Analyzer feedback severity levels are explained in the documentation. But in my eyes silent and none severity levels seem both to have the same meaning - "I don't want this rule checked for":

For none:

Suppressed completely.

For silent:

Non-visible to user. The diagnostic is reported to the IDE diagnostic engine, however.

What exactly is the effect of "reporting to IDE" for VS2019 and in what scenarios should one prefer silent over none?

  • was just wondering the same myself; I see no replies but did you find any information outside of stackoverflow? Dec 29, 2019 at 20:02
  • @ChristopherKing Nothing. wrote my take as answer. Jan 2, 2020 at 8:02

3 Answers 3


I think silent shows up in the editor as the "three dots" or ghosted text, while none doesn't show up. I might recall this not behaving consistently in the past, but it seems to happen in Visual Studio 16.10.0. I like Imre's suggestions.

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It seems like:

  • suggestion, error, and warning show up in the editor and Error List.
  • silent shows up only in the editor.
  • none shows up in neither.
  • Interesting.. that is, contrary to the quoted definition in OP, "silent" is visible to the user;)´´. Go figure. Jun 2, 2021 at 12:17
  • Exactly. I think they meant "non-visible in the Error List". It seems that suggestion/error/warning show up in the editor and Error List; silent shows up only in the editor; and none shows up nowhere. The error list is sometimes out of date, so I'm not totally sure.
    – Vimes
    Jun 2, 2021 at 18:34
  • I don't get the three dots in silent :(
    – kofifus
    Aug 6, 2021 at 0:13
  • This actually makes sense for silent: "The diagnostic is reported to the IDE diagnostic engine", meaning that you see the ... in the IDE, but not in the Error List. It's just not obvious at first what IDE diagnostic engine means.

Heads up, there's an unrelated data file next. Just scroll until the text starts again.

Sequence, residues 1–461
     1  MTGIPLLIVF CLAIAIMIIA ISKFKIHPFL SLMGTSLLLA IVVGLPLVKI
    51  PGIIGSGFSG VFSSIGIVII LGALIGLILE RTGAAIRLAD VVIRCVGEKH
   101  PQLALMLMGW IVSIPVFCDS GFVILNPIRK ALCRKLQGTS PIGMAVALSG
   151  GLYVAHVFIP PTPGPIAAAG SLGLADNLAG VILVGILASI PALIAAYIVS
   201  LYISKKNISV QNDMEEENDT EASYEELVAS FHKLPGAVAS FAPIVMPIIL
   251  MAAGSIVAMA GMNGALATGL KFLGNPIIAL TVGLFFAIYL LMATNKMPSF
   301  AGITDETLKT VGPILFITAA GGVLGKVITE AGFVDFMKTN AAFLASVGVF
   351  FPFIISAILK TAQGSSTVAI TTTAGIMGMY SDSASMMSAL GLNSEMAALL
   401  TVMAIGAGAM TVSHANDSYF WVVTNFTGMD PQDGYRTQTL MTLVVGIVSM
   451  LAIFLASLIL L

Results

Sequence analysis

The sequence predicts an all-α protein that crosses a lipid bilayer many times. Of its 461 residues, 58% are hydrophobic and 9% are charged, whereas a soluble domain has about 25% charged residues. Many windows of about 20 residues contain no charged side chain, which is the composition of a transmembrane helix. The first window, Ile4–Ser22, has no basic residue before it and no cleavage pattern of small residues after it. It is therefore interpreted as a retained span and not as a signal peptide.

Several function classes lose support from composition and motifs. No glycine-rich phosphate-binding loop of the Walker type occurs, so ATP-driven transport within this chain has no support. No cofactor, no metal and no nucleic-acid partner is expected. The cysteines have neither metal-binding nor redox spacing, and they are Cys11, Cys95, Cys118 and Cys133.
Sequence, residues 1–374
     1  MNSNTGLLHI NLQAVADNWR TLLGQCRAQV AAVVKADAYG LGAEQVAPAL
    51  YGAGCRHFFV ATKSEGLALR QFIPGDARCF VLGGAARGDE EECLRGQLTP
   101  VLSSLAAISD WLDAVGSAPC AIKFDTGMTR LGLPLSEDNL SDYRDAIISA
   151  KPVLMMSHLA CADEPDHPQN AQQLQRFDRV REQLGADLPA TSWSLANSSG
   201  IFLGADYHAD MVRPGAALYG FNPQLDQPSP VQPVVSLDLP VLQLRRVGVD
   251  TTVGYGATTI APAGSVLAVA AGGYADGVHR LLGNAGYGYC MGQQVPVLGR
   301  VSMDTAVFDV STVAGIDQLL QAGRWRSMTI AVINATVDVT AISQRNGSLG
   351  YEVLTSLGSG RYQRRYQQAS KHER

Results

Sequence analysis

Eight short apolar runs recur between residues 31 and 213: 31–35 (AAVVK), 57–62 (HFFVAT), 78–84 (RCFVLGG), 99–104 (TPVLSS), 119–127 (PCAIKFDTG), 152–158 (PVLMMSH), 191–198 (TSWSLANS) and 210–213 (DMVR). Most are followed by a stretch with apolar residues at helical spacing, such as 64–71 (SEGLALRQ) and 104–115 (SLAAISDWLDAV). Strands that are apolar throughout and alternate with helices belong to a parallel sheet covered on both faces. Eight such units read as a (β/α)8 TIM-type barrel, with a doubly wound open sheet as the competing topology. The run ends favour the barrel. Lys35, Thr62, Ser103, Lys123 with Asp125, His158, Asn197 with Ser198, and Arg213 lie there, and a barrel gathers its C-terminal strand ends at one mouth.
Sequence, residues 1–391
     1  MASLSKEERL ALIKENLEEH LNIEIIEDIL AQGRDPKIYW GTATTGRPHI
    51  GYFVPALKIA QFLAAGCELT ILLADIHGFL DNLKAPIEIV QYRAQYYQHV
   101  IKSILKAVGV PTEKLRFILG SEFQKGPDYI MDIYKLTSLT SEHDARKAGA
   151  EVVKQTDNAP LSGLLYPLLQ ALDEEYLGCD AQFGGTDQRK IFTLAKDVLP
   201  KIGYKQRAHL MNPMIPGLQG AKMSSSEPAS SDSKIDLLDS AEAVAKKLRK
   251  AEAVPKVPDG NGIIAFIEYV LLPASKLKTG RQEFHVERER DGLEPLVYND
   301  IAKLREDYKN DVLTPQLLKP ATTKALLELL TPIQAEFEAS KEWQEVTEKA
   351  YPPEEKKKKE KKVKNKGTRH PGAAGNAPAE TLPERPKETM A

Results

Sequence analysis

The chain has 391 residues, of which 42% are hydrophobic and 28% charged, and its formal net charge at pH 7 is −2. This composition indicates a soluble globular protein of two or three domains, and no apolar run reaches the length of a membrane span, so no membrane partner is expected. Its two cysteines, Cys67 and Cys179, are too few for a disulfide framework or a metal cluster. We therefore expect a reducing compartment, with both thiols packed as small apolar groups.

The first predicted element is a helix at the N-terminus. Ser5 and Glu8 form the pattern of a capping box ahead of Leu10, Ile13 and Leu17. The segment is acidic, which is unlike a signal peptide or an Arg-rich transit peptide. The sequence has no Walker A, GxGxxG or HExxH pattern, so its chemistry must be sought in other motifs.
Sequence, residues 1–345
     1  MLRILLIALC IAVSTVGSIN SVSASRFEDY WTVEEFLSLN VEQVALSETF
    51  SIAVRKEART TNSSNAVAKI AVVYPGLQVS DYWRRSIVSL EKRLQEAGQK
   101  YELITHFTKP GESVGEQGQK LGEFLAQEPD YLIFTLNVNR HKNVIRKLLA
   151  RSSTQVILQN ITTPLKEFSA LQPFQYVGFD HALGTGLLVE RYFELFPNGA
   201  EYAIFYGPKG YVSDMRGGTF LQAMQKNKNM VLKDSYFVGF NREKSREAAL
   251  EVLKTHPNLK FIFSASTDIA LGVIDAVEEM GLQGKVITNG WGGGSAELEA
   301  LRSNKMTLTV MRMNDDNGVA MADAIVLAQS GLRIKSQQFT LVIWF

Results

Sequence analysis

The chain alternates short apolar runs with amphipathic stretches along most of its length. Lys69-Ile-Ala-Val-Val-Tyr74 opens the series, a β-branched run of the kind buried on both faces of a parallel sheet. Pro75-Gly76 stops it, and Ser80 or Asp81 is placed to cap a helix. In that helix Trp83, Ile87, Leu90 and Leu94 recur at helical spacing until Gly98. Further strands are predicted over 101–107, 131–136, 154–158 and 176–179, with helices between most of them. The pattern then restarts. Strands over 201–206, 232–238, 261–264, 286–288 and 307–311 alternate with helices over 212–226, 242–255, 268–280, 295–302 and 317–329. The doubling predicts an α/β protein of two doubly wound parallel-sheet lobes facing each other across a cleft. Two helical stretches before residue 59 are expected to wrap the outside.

– user276648
    Apr 19, 2022 at 8:10
  • See 'Hidden' severity versus 'None' severity, which corresponds to silent vs none.
    – user276648
    Apr 19, 2022 at 8:13

Due to lack of better information and until proven wrong, I'm considering them equal for practical effect.

Still, considering this as an opportunity to define a useful semantic difference, I would suggest to:

  • USE none when you object to given rule in chosen scope. This rule is not mandatory to be followed.
  • USE silent for rules which must be followed, but are causing too much noise and are suppressed temporarily while still communicating the desired target state.

The distinction is explained in the documentation:

Hidden (silent) severity rules that are enabled by default differ from disabled or None severity rules in certain aspects.

  • If any code fix is registered for a Hidden severity rule, Visual Studio offers the fix as a light bulb code-refactoring action even if the hidden diagnostic isn't visible to the user. The fix isn't offered if the severity rule is disabled as None.
  • Hidden severity rules can be bulk configured by entries that set rule severity of multiple analyzer rules at once in an EditorConfig file. None severity rules can’t be configured this way. Instead, they must be configured through entries that set rule severity in an EditorConfig file for each rule ID.

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